The purpose of this study was to examine the representation of gender in introductory accounting textbooks. A transformative concurrent mixed methods research design framed this study. A content analysis was performed using nineteen introductory accounting textbooks. These textbooks had publication years from 2003 through 2006 and represented textbooks from the four major accounting textbook publishers in the United States.
Findings from statistical tests of the quantitative research questions reveal that stereotypes of women and men are replicated and reinforced in the textbooks. Males outnumbered females in the textbooks. Women were shown more frequently in home settings than were men. Men were shown in a wider variety of occupational roles than were women. Males were more frequently depicted as being active and possessing power than were women.
Three themes emerged from the qualitative analysis. First, men succeed, or have the potential to succeed, in the public sphere. The picture of the “typical” successful businessperson which emerges from the textbooks is of a man who is confident, cautious, and educated. Women were more likely to be portrayed as emotional and as having an emphasis on their physical appearance. The overall picture of women and men in the private sphere that emerges from the textbooks is that women are predominantly interested in, and responsible for, the private sphere and men are not as interested in, nor responsible for, the private sphere. Finally, closely connected to the first two themes is the concept that men’s contributions to business and to society in general have been more valued than women’s similar contributions.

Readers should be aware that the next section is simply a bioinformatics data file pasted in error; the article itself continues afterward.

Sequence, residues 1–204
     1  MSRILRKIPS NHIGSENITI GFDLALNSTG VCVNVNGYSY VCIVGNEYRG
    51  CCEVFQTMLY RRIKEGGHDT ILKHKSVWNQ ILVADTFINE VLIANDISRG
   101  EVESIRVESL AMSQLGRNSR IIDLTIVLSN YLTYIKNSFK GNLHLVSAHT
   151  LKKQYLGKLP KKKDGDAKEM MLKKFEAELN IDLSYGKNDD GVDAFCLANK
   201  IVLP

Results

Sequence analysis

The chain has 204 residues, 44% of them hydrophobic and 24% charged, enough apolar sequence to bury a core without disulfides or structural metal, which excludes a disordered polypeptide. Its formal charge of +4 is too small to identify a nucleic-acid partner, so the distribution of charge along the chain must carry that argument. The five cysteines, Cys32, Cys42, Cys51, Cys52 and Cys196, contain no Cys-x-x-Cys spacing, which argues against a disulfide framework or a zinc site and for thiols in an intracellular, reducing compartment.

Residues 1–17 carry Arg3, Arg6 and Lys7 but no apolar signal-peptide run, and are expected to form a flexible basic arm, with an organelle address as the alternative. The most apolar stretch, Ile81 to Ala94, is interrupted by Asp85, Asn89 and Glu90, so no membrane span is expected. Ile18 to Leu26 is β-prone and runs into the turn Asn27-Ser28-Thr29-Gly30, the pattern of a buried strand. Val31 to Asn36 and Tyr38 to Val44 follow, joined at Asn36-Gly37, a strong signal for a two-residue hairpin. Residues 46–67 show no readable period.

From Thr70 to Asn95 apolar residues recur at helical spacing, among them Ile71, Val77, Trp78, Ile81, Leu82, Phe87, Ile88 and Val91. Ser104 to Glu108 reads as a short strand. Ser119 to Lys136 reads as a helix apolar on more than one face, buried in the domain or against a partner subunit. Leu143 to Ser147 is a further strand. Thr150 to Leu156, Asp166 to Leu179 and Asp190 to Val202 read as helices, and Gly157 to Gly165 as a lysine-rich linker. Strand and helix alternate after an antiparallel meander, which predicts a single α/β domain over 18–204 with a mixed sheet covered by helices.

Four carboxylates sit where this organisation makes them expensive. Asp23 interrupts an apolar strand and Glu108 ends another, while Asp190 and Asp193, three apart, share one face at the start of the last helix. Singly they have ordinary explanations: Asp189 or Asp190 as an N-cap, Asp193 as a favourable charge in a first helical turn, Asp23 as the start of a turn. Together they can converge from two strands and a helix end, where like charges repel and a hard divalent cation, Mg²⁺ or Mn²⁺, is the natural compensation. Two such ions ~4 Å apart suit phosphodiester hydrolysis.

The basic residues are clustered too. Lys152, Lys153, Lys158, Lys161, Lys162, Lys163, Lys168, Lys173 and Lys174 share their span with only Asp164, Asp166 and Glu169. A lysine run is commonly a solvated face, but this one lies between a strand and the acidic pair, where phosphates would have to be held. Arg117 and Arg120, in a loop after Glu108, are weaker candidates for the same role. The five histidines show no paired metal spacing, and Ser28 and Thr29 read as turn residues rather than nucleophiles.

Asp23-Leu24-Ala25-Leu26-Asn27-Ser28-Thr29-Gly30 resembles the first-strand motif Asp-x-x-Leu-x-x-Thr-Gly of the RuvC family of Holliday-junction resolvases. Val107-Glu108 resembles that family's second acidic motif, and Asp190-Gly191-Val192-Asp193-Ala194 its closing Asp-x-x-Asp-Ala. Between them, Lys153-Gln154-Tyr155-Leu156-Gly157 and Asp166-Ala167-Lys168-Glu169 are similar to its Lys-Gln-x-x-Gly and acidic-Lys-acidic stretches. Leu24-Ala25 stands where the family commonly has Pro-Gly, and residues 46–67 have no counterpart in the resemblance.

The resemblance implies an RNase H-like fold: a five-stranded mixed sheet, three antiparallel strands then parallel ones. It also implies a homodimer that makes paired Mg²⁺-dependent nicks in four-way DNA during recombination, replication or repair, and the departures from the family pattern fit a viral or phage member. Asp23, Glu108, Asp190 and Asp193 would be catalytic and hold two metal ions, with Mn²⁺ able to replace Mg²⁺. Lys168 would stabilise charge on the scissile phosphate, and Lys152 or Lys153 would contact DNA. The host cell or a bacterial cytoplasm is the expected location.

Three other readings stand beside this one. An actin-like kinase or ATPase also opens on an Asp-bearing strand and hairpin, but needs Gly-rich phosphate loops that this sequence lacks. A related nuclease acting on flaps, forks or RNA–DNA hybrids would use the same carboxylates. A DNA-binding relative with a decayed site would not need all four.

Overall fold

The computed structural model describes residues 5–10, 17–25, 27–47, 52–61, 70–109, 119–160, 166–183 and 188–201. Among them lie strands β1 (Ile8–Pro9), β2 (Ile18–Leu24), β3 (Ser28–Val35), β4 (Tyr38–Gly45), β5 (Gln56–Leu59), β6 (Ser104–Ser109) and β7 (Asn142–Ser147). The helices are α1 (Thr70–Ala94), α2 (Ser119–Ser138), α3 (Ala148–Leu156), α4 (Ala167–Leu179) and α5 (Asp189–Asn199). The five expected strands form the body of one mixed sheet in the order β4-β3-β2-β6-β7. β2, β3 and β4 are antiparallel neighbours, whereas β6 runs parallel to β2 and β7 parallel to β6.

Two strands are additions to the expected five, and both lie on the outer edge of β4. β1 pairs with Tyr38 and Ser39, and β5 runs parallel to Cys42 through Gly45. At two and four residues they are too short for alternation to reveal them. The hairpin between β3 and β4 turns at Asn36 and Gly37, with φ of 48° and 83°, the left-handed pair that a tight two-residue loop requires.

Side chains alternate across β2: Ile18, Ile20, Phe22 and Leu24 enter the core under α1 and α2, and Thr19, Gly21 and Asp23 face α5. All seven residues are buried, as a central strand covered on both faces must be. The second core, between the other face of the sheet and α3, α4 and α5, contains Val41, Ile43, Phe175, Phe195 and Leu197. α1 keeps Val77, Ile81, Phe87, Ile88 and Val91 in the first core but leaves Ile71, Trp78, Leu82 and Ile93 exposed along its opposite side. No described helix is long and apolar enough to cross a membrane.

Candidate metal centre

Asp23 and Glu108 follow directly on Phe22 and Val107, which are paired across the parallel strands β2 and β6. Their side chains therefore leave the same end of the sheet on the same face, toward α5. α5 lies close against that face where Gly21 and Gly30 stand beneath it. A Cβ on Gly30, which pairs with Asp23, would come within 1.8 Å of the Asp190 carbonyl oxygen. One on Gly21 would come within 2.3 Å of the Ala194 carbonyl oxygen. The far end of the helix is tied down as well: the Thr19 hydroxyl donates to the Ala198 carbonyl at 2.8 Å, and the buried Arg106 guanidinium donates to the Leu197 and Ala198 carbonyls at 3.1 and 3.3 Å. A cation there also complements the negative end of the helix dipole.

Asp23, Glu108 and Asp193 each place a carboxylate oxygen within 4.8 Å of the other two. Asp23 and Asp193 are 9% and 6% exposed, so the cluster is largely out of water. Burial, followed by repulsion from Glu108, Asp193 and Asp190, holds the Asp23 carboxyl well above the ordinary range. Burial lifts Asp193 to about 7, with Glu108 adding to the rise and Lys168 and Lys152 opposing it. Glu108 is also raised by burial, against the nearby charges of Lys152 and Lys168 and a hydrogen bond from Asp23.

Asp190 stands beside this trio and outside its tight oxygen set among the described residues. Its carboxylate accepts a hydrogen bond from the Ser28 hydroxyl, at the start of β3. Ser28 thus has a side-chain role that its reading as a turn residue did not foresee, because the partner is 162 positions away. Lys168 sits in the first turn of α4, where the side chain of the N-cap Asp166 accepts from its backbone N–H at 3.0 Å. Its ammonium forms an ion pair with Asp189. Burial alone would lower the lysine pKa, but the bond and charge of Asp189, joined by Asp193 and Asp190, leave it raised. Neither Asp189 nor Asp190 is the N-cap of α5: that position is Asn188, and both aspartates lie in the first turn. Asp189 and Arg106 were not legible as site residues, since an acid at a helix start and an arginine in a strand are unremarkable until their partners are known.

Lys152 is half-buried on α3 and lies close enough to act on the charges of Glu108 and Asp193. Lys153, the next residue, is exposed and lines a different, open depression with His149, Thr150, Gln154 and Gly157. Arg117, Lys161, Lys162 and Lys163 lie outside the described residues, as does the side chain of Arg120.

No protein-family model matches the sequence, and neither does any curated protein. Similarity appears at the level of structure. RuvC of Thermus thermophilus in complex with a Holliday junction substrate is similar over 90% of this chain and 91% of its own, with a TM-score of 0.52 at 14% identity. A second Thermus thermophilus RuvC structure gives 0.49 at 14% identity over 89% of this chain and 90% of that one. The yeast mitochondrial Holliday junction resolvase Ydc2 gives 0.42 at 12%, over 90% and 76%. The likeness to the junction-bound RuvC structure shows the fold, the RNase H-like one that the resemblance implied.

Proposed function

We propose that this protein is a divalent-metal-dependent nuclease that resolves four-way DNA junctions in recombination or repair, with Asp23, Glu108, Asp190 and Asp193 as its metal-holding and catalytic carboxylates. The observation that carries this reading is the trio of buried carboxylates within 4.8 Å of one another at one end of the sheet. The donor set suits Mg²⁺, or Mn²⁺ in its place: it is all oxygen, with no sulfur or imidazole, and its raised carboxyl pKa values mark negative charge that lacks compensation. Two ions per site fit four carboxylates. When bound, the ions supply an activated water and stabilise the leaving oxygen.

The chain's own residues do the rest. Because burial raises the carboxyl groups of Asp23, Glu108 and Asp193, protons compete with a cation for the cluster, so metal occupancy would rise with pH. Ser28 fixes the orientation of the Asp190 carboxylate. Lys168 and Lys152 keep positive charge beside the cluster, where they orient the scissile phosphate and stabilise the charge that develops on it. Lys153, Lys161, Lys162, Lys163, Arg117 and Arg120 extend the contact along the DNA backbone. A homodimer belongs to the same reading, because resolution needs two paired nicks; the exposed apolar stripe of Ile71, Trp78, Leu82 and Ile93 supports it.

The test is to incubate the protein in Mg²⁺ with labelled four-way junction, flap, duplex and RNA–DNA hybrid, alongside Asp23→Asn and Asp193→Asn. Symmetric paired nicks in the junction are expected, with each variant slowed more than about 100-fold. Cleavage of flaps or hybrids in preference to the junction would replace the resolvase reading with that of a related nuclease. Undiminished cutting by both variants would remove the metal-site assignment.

Revealing the implicit messages regarding gender stratification contained in the textbooks is the most notable contribution of this study. Recommendations are made as to how the depiction of women and men could be recast to help to mitigate the reinforcement of stereotypes limiting women’s roles in society. To expose the bias in accounting textbooks and to start to construct a new picture of gender is to perhaps put one more crack in that glass ceiling that prevents women from being treated equitably and fairly.
|School:||Kent State University|
|Department:||Teaching, Leadership and Curriculum Studies|
|School Location:||United States -- Ohio|
|Source:||DAI-A 79/08(E), Dissertation Abstracts International|
|Subjects:||Educational evaluation, Gender studies|
|Keywords:||Content analysis, Feminist theory, Glass ceiling, Hidden curriculum, Textbooks|
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